On Day 8 of the photography workshop, you’ll depart from Yangon by van for a four-hour drive southeast to Mawlamyine. It is the country’s fourth largest city, although it feels closer to a town in spirit. Situated on the Salween River delta, this port town was the administrative capital of British Myanmar and fading remnants of its colonial past remain, alongside Buddhist shrines, monasteries and Muslim mosques. It is the capital of the Mon State, and the majority of its population is made up of Mon people, one of the most influential ethnic minorities in Myanmar. Mostly untouched by tourism, Mawlamyine offers a fresh look into an unblemished culture.


Literature lovers will recognize Mawlamyine from the pages of both Rudyard Kipling’s “Mandalay” and from George Orwell’s literature. Orwell lived here for several years and used it as inspiration for his “Shooting an Elephant” essay.


For visitors seeking out photo opportunities, Mawlamyine can provide them in spades. Frequent religious festivals often provide the chance to witness unique local rituals and your guide will check to see if any are taking place during your stay. Local attractions include the Kyaikthanlan Pagoda, the Kaladan Mosque and the town’s large markets. Mawlamyine also acts as a perfect base for some of Myanmar’s photographic and indeed sightseeing highlights, including the 560-foot (170-meter) reclining Buddha at Win Sein Taw Ya. Nearby islands and small villages can also be reached from here by short ferry and boat rides.


On the way to Mawlamyine, you’ll make a trip out to the Mon State’s Golden Rock, which is also known as Mt Kyaiktiyo. This famous Buddhist pilgrimage site features a gold leaf-covered boulder that hangs precariously over the edge of a cliff and is topped by a small pagoda. Small though the pagoda may be, the dangerous and dramatic cliff-edge location makes up for its diminutive size. Buddhist pilgrims frequently make the journey here to meditate and give offerings to Buddha at this site.


There may also be an opportunity to visit a monastery school in either Yangon or Mawlamyine. Many of Myanmar’s monastery schools provide a home for orphans and an education for children whose families who cannot afford to pay.


Overnight at Mawlamyine Strand Hotel in Mawlamyine  and Mountain Top in Golden Rock.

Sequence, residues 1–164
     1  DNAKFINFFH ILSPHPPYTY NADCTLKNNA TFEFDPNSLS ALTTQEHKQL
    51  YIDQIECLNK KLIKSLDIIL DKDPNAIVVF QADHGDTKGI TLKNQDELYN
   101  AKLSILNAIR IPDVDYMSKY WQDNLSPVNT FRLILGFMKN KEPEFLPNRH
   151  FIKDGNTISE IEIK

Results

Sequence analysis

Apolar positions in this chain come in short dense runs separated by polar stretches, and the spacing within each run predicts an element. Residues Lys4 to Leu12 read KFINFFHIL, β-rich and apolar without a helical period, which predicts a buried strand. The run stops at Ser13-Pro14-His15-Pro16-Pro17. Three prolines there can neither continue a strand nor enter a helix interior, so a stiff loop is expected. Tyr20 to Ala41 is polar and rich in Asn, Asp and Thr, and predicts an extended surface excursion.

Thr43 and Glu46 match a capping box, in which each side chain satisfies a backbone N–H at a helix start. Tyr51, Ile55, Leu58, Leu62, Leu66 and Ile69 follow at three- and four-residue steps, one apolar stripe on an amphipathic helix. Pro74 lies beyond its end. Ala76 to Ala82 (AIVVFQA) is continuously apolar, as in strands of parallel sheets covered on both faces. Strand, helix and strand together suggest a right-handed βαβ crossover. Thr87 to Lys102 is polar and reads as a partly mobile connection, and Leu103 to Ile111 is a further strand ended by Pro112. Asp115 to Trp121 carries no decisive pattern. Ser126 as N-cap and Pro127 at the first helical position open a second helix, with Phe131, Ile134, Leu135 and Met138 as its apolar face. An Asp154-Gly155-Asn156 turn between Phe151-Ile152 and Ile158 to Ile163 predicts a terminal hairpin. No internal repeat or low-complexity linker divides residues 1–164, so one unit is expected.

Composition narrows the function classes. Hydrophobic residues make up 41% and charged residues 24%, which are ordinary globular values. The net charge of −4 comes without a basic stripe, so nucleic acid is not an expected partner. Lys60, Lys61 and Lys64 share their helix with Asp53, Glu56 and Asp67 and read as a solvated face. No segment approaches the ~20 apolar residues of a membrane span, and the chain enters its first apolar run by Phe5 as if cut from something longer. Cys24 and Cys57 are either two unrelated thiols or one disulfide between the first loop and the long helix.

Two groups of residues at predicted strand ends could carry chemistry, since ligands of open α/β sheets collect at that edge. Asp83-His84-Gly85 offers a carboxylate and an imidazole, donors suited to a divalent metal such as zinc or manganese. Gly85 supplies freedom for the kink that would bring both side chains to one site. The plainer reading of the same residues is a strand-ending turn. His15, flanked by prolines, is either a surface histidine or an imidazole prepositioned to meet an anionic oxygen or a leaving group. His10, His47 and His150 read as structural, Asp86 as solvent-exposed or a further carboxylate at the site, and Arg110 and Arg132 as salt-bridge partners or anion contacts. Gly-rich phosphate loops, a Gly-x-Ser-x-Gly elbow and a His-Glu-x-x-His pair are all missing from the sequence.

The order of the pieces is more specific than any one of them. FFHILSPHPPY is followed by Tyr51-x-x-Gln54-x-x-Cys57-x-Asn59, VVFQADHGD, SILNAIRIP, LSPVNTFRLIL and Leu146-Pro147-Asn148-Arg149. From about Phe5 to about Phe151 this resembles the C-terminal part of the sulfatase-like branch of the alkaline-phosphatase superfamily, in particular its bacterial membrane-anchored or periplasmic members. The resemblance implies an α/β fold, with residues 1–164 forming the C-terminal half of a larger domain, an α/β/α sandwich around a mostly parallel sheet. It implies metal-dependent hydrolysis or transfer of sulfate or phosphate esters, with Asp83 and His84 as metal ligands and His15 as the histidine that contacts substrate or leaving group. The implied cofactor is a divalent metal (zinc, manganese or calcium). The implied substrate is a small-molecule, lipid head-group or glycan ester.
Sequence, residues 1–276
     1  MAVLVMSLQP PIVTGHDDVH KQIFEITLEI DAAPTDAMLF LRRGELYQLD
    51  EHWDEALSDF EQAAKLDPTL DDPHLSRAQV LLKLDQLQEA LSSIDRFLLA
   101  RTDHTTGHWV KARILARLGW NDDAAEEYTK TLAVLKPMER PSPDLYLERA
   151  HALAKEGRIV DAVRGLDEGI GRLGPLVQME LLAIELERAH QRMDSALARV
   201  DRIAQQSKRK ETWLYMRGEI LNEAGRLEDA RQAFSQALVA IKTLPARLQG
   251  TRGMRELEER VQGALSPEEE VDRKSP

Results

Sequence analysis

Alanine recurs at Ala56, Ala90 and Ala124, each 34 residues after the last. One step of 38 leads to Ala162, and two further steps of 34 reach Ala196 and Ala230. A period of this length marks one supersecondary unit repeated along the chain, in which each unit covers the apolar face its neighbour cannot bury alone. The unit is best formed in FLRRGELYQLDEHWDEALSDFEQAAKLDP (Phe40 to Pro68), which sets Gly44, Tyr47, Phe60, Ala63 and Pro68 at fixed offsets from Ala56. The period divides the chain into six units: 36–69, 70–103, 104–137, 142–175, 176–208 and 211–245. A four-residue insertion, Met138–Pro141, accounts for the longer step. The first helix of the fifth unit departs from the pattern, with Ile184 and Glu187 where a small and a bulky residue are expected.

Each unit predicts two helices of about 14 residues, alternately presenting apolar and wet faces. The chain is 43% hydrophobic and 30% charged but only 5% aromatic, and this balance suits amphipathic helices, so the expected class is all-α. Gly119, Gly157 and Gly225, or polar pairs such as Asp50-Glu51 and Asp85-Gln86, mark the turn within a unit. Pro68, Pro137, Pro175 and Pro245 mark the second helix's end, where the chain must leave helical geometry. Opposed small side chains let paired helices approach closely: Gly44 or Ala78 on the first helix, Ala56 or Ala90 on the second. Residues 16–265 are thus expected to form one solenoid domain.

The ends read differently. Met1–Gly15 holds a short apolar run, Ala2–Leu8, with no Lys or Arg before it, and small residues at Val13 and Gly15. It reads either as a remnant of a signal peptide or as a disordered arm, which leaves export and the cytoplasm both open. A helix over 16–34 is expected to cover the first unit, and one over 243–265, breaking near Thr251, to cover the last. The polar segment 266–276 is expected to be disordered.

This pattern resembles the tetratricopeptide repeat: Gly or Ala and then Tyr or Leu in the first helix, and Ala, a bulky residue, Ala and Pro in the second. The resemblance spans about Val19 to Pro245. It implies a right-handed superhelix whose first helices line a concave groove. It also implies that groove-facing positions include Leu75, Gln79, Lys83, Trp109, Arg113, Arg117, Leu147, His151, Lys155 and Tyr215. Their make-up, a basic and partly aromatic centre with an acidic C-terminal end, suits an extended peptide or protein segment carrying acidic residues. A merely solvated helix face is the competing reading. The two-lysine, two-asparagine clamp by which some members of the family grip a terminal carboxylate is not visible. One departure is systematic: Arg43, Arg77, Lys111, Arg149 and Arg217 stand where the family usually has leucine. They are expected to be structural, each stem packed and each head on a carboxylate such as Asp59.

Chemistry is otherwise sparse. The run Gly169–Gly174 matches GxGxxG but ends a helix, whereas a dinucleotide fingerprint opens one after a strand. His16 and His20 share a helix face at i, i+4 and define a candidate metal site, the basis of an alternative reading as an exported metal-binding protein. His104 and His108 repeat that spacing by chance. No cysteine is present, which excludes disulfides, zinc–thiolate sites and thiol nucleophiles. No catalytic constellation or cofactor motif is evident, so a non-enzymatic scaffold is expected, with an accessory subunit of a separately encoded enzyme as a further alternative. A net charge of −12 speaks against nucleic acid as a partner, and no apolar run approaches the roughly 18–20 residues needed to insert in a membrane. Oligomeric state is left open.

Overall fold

Day 11 to 12 (November 18 to 19): Yangon (Click for details)

Return to Yangon for the final night. Here, you’ll present the best of your photos to the group, who will, in turn, share their images with fellow tour-goers. Enjoy one last evening together, before saying your goodbyes. The following day, depart from Myanmar.


Overnight at Summit Parkview Hotel.



This class is for photographers of all levels.




Attendees should bring their portfolio to the class for review.  Each student is responsible for bringing their own camera and equipment, including a laptop.



For more information, please call +1 800-741-33987 or email us at:

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Contact us now!

  • November 8 – 19th, 2015
  • $4,595per person double occupancy
  • .
    • Add 1,395 USD for single occupancy.

    • Includes accommodations, transportation Yangon-Goden Rock-Mawlamyine-Yangon, airport transfers, breakfast daily and all meals only from day 7 to 10.

    • Most people need a visa to travel to Myanmar. Please look at this links to learn more about visa requirements.

Photographer Geoffrey Hiller has been documenting the people of Burma since 1987 and has returned several times since the historic opening in 2011 to capture evidence of change, not only images of rallies for Aung San Suu Kyi, but the anticipation, hope and concerns of a nation forgotten by the world.



His work has been published in magazines in the USA, Europe, and Japan including Geo, Newsweek, Mother Jones and the New York Times Magazine. His award-winning multimedia projects about Vietnam, Eastern Europe, Ghana, Burma, and Brazil have earned recognition from National Public Radio, The Christian Science Monitor and USA Today. Hiller was a Fulbright Fellow in Dhaka, Bangladesh in 2008–2009. Since then he has worked as a media trainer in India, Cambodia and Pakistan. Hiller is the creator and editor of Verve Photo: The New Breed of Documentary Photographer. His home is in Portland, Oregon. Visit his website at www.hillerphoto.com